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The Motherboard

What is a Motherboard?

The motherboard is the guts of any modern PC: it is a large circuit board into which all the other components either slot or are connected via cables. The motherboard defines which Processor Family can be used, the type and how much RAM -as well as the type and number of Drives that can be attached.

The motherboard is .. a large circuit board into which all the other components either slot or are connected via cables

The motherboard size will also dictate which Cases that can be used; although most will accommodate the main motherboard sizes (-aka form factors) that are currently widely available, you should always check those supported by the case prior to purchasing. Currently, the most popular form factors are:

Motherboards are specific to a Processor Manufacturer (-i.e. Intel or AMD) and will have a socket suitable for one or more of that company's processors.

The photo below shows a typical motherboard (-this is a mini-ITX board with the processor/fan built in):

A typical microATX motherboard


Choosing a Motherboard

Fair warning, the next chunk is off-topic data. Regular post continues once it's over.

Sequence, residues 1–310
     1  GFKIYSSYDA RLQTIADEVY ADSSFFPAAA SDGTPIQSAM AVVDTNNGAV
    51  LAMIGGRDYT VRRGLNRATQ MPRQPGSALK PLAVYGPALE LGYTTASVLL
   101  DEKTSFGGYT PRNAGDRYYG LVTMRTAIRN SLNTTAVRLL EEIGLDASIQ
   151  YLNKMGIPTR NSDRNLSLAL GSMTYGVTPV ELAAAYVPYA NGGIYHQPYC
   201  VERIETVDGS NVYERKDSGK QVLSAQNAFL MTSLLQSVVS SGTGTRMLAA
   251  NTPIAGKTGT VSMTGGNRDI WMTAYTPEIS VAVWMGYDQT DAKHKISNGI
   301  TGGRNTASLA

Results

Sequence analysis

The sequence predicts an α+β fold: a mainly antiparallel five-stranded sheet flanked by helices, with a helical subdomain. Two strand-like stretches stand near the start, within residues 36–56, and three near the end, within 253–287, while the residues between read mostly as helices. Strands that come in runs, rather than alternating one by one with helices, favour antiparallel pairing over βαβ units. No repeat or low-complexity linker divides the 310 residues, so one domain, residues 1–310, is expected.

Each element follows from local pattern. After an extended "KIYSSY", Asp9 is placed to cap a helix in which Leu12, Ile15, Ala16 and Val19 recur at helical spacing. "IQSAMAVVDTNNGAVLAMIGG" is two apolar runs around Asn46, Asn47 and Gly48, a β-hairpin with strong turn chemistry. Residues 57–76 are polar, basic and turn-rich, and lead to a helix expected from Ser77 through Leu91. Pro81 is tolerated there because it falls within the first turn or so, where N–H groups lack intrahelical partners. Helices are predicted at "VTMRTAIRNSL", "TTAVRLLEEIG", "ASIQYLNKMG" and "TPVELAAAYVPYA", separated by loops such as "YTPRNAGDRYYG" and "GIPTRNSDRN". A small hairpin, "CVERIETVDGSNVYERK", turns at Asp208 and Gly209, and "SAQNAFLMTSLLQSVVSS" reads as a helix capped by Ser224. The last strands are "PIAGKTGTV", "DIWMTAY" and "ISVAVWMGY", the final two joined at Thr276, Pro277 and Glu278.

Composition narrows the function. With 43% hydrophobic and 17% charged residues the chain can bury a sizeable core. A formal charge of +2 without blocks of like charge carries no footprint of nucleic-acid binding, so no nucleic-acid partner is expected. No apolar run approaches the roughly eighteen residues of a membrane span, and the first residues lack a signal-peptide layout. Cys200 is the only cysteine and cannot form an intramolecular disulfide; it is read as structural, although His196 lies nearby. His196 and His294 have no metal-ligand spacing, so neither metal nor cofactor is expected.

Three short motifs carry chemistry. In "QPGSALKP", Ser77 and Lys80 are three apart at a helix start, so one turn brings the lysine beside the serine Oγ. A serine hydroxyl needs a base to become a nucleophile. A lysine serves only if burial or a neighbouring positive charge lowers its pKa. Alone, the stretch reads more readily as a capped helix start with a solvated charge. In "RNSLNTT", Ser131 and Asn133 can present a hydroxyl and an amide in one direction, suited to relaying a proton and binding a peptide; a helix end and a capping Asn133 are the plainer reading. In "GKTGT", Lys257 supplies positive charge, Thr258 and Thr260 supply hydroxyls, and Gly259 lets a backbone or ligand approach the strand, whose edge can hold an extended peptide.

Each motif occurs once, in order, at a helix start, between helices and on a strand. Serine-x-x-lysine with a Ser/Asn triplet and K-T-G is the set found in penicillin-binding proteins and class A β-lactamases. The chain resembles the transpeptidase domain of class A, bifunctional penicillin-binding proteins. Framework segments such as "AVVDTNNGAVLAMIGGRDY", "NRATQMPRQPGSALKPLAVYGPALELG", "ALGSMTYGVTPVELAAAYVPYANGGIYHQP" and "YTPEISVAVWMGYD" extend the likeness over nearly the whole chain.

As with processors, there are a lot of different motherboards out there! Which one you choose depends mainly on the following (-in order of importance):

Beware that both Intel and AMD use multiple sockets and only a subset of their processors will fit each

  1. Which processor you are planning to use: this needs to be compatible with the socket on the motherboard - for example socket AM2 / AM3 (AMD) or Socket 778 (Intel). Beware that both Intel and AMD use multiple sockets and only a subset of their processors will fit each

  2. What resources you need:

    • The maximum amount of RAM supported: different motherboards will have a different number of memory slots

    • The maximum amount of Drives supported: different motherboards will have a different number of SATA and/or IDE ports available to connect to devices such as CD/DVD burners, hard drives and SSDs

    • Any other requirements - such as build in graphics or sound support

  3. Price: the more facilities and cutting edge features that the motherboard supports, the costlier it will be

  4. Manufacturer: with motherboards, it's best to stick with a well known manufacturer (-examples include Asus, Gigabyte, ASRock): I find it useful to use a search engine to see what other people think about a motherboard manufacturer if they are an unknown quantity


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